In a special meeting called Tuesday night, the ASMSU General Assembly passed a resolution to "condemn the choice of George Will as a commencement speaker at MSU's Fall graduation," for his June 6 column in the Washington Post column alleging that university policies have made "victimhood a privileged status".
The resolution came after many constituents reached out to ASMSU representatives and urged them to action.
The Alliance of Queer and Ally Students representative Colin Wiebrecht introduced the bill, which was seconded by James Madison College representative Wyatt Ludman, and called for the MSU administration "to immediately rescind their invitation and find another speaker to address graduating seniors."
In an amendment added during the General Assembly's discussion, ASMSU representatives also agreed to condemn awarding Will with an honorary degree.
Echoing the Council of Graduate Students' Sunday resolution, the resolution lastly "calls on MSU to also allocate funds in at least the same amount as Mr. Will’s speaking engagement fee towards the hiring of more counselors for the Counseling Center to address the need for students seeking help with sexual assault and reaffirms commitment to sexual assault prevention and response."
Twenty-three members of the GA voted yes on the bill, four abstained and one representative, Evan Schrage of the College of Social Sciences, voted no.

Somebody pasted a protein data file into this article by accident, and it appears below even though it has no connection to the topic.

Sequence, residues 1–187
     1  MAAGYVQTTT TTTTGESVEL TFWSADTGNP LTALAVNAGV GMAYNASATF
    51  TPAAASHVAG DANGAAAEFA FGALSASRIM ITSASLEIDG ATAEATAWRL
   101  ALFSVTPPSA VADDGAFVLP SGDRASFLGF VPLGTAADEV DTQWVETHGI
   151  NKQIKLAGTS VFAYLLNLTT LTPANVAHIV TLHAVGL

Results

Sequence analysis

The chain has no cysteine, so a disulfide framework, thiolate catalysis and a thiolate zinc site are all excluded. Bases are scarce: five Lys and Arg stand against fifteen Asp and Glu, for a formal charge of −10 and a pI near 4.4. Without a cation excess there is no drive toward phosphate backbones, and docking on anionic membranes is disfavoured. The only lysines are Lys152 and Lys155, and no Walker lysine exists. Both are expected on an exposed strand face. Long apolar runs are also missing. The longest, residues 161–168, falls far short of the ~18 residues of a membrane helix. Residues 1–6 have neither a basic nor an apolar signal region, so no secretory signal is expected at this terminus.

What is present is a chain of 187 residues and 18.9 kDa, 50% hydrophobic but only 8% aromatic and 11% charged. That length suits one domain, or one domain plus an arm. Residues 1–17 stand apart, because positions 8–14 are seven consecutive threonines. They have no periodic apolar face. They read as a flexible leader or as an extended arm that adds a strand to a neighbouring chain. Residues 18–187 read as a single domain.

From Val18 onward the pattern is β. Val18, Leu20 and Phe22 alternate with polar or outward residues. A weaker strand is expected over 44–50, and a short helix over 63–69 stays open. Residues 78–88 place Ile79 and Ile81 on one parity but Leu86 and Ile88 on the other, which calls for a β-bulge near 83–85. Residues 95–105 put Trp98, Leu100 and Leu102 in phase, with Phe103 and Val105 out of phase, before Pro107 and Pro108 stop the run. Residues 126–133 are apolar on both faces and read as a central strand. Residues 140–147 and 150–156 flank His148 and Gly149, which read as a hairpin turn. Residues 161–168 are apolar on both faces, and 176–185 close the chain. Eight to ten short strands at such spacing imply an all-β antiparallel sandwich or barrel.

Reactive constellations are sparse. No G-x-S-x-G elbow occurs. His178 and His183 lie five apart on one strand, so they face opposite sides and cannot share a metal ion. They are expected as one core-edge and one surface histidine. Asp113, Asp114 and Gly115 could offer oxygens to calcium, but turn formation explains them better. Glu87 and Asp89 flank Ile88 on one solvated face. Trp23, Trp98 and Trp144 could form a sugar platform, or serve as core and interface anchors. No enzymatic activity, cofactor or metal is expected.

Schrage and Vice President for Governmental Affairs KC Perlberg were the two most vocal in their opposition to the resolution, although Perlberg's position as vice president prevented him from voting on the resolution.
"It's perfectly understandable to disagree with the argument Mr. Will made in his column last June," Perlberg said. "But it's another thing entirely to suggest he was expressing an outright contempt or aggression towards victims of sexual assault."
Schrage also argued that Will won't be speaking about sexual assault on Saturday, and that many would agree with his central point Will made, which was criticizing colleges for how they handle sexual assault. He also pointed out that one of the other speakers, filmmaker Michael Moore, is not free from controversy either.
"People should be allowed to have opinions and not be socially exiled for expressing them," Schrage said.
"It seems despicable to me that we're going to be honoring someone who had this comment," Ludman said.